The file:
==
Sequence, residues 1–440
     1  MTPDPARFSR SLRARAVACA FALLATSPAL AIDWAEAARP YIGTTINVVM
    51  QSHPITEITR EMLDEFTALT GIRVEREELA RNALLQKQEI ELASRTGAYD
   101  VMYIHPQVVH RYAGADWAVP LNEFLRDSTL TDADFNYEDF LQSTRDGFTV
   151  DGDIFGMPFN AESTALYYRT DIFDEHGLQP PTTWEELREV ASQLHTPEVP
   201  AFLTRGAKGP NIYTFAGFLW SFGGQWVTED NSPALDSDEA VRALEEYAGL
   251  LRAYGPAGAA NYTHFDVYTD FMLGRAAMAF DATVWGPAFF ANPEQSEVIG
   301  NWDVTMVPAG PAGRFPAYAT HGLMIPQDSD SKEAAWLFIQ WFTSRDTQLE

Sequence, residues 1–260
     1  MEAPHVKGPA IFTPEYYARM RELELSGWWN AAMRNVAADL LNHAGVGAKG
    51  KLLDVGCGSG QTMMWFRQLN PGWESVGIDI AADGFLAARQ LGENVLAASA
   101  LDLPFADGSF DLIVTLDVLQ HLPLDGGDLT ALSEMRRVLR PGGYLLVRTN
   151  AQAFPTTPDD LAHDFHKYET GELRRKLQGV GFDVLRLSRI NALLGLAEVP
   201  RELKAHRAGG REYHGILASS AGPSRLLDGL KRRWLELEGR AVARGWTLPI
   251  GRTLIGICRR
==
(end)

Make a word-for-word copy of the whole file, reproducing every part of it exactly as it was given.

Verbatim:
Sequence, residues 1–440
     1  MTPDPARFSR SLRARAVACA FALLATSPAL AIDWAEAARP YIGTTINVVM
    51  QSHPITEITR EMLDEFTALT GIRVEREELA RNALLQKQEI ELASRTGAYD
   101  VMYIHPQVVH RYAGADWAVP LNEFLRDSTL TDADFNYEDF LQSTRDGFTV
   151  DGDIFGMPFN AESTALYYRT DIFDEHGLQP PTTWEELREV ASQLHTPEVP
   201  AFLTRGAKGP NIYTFAGFLW SFGGQWVTED NSPALDSDEA VRALEEYAGL
   251  LRAYGPAGAA NYTHFDVYTD FMLGRAAMAF DATVWGPAFF ANPEQSEVIG
   301  NWDVTMVPAG PAGRFPAYAT HGLMIPQDSD SKEAAWLFIQ WFTSRDTQLE

Sequence, residues 1–260
     1  MEAPHVKGPA IFTPEYYARM RELELSGWWN AAMRNVAADL LNHAGVGAKG
    51  KLLDVGCGSG QTMMWFRQLN PGWESVGIDI AADGFLAARQ LGENVLAASA
   101  LDLPFADGSF DLIVTLDVLQ HLPLDGGDLT ALSEMRRVLR PGGYLLVRTN
   151  AQAFPTTPDD LAHDFHKYET GELRRKLQGV GFDVLRLSRI NALLGLAEVP
   201  RELKAHRAGG REYHGILASS AGPSRLLDGL KRRWLELEGR AVARGWTLPI
   251  GRTLIGICRR